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Nihon rinsho. Japanese journal of clinical medicine

[Smoking and alimentary diseases].


PMID 23631231

Abstract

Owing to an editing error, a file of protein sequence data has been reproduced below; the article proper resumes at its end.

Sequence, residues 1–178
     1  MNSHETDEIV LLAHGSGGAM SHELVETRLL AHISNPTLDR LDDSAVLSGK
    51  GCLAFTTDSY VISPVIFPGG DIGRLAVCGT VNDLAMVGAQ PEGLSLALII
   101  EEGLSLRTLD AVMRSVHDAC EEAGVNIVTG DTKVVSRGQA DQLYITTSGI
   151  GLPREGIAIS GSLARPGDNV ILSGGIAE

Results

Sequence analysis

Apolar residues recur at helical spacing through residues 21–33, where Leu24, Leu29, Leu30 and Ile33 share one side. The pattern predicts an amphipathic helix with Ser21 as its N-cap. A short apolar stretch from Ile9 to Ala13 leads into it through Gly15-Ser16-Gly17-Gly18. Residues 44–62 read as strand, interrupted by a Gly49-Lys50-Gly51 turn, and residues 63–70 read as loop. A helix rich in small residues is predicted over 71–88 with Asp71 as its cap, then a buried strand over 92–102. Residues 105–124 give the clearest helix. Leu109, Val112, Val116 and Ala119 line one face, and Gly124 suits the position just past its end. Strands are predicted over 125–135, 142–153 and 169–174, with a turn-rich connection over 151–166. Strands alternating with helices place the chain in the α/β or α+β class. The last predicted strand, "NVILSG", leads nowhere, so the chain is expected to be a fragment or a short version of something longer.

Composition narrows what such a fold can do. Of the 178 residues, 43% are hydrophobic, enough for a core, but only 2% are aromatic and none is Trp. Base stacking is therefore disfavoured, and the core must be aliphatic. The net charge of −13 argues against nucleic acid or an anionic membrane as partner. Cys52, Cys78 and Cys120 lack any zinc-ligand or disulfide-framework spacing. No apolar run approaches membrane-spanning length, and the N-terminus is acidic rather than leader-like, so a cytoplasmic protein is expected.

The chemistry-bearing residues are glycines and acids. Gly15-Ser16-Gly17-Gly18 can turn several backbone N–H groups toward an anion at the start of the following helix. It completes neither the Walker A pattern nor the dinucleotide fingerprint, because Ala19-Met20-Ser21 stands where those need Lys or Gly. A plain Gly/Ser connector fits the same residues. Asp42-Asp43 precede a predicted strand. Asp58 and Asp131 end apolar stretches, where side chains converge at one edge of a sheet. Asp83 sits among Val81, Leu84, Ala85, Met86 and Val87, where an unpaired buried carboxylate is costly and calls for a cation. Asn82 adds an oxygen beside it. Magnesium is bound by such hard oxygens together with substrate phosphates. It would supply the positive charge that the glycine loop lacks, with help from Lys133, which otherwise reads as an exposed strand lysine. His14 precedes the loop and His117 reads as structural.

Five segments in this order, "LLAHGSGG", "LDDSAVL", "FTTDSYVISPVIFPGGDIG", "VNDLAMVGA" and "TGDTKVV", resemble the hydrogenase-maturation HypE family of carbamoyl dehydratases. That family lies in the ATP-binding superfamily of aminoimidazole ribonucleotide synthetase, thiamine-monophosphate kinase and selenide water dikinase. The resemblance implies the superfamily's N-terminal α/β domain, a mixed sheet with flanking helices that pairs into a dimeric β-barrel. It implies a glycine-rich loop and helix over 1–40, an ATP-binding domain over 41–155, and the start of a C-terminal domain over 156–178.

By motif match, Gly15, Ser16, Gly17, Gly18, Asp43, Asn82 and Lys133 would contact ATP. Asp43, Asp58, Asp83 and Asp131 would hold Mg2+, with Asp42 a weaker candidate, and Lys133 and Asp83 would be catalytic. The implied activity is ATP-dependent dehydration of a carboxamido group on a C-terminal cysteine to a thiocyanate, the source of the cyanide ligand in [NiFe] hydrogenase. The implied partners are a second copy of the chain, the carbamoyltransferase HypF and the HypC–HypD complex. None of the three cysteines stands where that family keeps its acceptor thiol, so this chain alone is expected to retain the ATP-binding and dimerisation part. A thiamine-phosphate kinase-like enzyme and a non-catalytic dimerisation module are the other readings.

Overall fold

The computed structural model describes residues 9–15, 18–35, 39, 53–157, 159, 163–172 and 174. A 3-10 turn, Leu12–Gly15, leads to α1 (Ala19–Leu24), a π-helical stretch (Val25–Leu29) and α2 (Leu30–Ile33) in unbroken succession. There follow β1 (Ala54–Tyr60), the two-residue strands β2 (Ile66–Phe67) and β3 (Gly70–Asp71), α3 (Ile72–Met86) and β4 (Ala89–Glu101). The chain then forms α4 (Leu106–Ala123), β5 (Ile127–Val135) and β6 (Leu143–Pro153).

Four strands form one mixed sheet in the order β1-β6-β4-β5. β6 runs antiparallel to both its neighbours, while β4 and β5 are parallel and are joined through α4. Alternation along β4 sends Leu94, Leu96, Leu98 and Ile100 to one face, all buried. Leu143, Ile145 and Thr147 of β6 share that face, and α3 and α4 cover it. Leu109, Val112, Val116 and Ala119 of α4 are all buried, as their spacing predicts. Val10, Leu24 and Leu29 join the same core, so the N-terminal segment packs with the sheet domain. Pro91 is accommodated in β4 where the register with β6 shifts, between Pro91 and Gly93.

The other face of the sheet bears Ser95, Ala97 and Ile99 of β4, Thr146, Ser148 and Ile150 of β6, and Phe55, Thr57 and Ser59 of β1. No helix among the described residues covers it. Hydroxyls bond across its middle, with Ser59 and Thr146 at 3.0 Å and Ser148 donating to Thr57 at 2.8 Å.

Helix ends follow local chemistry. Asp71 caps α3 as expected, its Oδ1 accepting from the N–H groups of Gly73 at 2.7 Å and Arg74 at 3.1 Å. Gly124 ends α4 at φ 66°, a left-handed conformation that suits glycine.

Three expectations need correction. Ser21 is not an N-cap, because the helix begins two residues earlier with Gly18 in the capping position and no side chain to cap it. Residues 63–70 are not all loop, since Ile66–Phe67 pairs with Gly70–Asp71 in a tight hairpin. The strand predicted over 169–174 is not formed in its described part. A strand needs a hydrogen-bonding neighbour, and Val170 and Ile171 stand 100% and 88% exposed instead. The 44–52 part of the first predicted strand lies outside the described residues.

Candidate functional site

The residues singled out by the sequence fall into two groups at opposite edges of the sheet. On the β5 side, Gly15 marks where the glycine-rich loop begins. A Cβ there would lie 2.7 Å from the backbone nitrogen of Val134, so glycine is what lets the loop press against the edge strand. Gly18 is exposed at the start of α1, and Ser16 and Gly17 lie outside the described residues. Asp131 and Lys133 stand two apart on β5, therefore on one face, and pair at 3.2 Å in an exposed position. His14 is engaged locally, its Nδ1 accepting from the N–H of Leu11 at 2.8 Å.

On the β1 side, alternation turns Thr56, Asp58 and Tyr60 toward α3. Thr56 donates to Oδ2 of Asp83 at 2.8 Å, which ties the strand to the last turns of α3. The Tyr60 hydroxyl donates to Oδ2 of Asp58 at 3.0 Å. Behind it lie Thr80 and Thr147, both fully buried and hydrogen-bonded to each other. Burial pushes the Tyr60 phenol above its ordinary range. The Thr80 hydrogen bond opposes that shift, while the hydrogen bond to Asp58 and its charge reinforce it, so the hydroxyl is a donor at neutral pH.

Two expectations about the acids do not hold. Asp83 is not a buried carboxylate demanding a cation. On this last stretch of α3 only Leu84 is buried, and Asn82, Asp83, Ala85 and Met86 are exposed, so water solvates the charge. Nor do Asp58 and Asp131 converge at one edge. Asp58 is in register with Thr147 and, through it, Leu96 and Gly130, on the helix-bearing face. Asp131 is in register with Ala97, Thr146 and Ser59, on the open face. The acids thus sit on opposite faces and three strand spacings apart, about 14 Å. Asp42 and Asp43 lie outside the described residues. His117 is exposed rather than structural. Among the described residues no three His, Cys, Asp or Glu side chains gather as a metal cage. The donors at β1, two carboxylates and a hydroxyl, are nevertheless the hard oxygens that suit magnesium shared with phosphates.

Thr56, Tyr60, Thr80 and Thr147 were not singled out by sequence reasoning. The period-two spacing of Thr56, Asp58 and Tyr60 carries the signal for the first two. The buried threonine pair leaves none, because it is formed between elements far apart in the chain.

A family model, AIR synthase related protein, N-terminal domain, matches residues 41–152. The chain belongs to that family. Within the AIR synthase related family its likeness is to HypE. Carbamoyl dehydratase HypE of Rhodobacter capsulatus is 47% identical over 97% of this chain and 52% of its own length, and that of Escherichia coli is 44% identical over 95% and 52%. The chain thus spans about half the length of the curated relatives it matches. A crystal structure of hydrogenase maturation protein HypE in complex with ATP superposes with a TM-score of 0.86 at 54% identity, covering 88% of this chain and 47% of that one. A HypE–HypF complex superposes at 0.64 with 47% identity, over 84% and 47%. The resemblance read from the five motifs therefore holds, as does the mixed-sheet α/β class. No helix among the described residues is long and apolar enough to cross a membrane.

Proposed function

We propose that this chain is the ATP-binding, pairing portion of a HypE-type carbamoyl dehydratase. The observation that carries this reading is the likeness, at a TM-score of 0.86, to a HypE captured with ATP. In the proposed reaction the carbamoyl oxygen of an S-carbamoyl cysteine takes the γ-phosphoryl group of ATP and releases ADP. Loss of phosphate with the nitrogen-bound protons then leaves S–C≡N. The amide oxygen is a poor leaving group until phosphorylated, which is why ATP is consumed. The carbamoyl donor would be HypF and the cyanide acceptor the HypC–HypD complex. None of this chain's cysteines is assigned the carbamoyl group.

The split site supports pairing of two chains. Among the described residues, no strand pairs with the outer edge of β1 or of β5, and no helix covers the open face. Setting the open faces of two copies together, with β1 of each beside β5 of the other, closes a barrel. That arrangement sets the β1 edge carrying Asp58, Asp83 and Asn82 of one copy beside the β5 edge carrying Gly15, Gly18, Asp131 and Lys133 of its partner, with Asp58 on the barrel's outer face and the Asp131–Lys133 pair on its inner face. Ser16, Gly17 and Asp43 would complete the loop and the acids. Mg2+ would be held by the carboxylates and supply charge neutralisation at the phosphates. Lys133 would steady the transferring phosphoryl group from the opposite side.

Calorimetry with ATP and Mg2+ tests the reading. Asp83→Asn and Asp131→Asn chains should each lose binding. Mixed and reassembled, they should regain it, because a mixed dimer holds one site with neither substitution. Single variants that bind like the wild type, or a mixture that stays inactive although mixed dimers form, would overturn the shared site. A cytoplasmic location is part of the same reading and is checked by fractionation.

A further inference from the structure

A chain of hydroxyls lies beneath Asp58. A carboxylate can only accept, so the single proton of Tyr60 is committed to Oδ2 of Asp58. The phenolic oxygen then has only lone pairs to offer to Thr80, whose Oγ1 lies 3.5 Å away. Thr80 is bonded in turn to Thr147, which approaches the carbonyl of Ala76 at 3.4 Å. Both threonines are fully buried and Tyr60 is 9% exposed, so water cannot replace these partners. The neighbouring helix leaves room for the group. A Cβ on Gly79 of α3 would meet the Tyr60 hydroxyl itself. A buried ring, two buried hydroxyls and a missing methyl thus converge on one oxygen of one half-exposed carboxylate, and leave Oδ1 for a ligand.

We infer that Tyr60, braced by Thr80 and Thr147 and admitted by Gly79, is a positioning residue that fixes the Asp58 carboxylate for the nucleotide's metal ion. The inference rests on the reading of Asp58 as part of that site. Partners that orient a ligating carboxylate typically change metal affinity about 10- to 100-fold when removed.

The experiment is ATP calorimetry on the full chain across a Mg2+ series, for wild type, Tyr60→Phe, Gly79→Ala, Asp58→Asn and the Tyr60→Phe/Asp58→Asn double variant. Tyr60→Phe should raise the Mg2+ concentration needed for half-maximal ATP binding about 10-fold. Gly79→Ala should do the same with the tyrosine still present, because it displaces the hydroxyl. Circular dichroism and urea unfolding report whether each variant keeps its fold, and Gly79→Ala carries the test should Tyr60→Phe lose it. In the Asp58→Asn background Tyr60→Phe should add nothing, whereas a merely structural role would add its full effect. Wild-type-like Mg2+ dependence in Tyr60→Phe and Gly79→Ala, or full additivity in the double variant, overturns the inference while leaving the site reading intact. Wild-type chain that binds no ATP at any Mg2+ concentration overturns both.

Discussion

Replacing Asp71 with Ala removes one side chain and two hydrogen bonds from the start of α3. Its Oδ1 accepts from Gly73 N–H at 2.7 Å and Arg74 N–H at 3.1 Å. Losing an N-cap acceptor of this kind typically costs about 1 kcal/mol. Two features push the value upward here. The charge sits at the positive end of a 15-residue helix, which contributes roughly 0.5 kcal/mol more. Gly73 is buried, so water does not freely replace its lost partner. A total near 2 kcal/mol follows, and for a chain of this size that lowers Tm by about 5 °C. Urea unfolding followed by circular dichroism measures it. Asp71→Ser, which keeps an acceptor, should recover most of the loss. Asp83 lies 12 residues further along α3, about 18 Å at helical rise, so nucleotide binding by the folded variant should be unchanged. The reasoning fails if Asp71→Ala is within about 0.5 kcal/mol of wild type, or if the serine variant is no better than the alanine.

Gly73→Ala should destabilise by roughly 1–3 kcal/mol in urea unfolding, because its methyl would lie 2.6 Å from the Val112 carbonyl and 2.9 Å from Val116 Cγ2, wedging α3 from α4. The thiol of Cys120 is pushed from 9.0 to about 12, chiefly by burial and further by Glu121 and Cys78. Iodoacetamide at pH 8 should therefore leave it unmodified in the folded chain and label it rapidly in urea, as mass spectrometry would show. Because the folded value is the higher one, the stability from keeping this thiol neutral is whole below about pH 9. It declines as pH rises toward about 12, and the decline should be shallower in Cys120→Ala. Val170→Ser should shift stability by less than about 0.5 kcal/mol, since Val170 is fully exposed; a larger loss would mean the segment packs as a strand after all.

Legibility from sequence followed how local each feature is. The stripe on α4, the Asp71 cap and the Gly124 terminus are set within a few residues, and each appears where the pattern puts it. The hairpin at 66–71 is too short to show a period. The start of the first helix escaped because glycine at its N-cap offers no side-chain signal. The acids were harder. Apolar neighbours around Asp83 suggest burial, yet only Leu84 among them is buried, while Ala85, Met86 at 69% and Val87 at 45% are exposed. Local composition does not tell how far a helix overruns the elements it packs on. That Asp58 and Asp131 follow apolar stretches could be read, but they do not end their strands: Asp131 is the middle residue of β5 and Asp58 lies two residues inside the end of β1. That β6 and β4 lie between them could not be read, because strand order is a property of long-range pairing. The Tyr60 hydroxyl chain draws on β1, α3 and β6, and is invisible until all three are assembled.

Tobacco smoking directly or hematogenously acts on digestive organ and induces benign and malignant alimentary diseases. Nicotine, nitrosamines, and polycyclic aromatic hydrocarbons included in tobacco smoke are major causative agents of tobacco smoking-related alimentary diseases. These agents have harmful effects on digestive organ through compromised blood circulation, impaired neural regulation, and cell dysfunction. These malfunctions cause tissue destruction, such as chronic inflammation and ulcer formation. Besides forming DNA adducts, they also act on endogenous signal transduction, leading to gene mutation and abnormal cell death and growth. Interestingly, in inflammatory diseases, smoking improves symptoms of ulcerative colitis, while it worsens the condition of Crohn diseases. Smoking is also involved in lately increasing Barrette's esophagus. Future studies are needed.

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